Article Type

Original Study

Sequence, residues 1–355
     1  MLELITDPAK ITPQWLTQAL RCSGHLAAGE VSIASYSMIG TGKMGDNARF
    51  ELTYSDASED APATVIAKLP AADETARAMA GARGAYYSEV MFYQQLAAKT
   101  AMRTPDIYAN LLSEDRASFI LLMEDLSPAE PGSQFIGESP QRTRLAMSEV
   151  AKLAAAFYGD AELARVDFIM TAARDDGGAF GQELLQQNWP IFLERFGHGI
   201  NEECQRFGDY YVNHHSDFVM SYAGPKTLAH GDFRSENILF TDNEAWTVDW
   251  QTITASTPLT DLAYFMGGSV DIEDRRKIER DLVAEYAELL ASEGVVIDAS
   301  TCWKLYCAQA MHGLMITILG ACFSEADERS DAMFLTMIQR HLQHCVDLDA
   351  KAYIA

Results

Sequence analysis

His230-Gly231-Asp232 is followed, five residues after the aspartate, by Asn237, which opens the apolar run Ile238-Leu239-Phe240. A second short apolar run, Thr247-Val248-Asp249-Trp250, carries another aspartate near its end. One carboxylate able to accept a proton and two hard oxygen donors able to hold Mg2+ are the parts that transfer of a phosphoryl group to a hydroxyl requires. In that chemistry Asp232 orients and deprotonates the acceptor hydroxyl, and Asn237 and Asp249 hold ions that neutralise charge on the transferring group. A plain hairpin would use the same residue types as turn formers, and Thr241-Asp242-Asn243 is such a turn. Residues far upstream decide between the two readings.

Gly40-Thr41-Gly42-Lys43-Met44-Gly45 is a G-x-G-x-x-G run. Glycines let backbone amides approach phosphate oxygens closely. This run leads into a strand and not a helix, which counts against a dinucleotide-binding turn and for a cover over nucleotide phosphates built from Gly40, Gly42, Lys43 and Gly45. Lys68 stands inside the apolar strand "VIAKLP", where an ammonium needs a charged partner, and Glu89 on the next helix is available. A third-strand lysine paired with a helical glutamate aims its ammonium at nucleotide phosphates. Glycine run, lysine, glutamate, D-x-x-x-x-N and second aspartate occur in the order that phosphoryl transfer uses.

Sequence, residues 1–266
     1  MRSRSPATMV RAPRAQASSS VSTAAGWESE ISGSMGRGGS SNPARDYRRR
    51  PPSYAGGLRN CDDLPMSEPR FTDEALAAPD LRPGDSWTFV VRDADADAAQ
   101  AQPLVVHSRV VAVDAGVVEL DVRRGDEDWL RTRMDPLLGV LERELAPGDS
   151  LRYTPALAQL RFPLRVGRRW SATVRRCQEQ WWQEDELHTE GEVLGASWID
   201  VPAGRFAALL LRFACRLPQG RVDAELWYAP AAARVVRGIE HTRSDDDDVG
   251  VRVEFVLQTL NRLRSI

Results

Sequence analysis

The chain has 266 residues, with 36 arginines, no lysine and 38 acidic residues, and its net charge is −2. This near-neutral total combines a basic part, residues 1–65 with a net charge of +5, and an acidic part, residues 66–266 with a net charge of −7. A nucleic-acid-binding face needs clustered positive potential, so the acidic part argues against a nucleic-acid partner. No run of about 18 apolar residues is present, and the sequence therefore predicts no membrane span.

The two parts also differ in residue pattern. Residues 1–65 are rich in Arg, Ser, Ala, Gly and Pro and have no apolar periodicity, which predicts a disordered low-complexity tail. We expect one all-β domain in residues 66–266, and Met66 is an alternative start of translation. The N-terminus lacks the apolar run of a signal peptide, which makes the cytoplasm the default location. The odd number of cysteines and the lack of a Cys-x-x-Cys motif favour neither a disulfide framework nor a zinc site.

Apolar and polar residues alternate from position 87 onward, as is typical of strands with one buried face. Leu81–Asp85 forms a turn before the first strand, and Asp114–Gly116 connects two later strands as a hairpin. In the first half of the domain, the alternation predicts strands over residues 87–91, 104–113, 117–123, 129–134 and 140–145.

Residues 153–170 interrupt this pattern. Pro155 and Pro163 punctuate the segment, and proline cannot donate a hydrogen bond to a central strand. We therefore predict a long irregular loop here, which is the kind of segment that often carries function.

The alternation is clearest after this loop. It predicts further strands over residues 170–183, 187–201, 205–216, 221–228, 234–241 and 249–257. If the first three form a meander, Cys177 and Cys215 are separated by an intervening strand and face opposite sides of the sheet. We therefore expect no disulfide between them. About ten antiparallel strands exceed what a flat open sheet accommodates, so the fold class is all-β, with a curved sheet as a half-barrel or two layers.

Objective The aim of this study was to determine the prevalence of high-risk pregnancy among women attending a rural, family healthcare unit to evaluate different risk factors for high-risk pregnancy. Background High-risk pregnancy is considered to be a major worldwide health problem with an increased risk of perinatal and maternal mortality. Although only 10–30% of the mothers seen in the antenatal period can be classified as high risk, they account for 70–80% of perinatal mortality and morbidity. Patients and methods The present study was cross-sectional study carried out in a rural village in El-Mehalla city in Gharbia governorate. It included all pregnant women attending a family healthcare unit for antenatal care (Bolkina Family Health Care Unit) during the period of data collection. A predesigned questionnaire was used for interviewing the study participants for data collection – the first part included socioeconomic data, and the second part included obstetric history, present pregnancy history, and associated disease history. The Dutta and Das Scoring System was used for classification of risk factors and identification of high-risk pregnancies. Results The results revealed that 51.3% of the sample had risky pregnancies and 48.7% had no-risk pregnancies. High-risk pregnancy was found in 9.6% and mild risk was found in 41.8% of the sample according to the Dutta and Das Scoring System. The most significant risk factors in the risky group were abortion, anemia, hypertension, edema, albuminuria, cardiac disease, diabetes, and multiple pregnancies. Conclusion Early identification and prompt treatment of high-risk pregnancy can prevent the development of both maternal and fetal morbidity and mortality.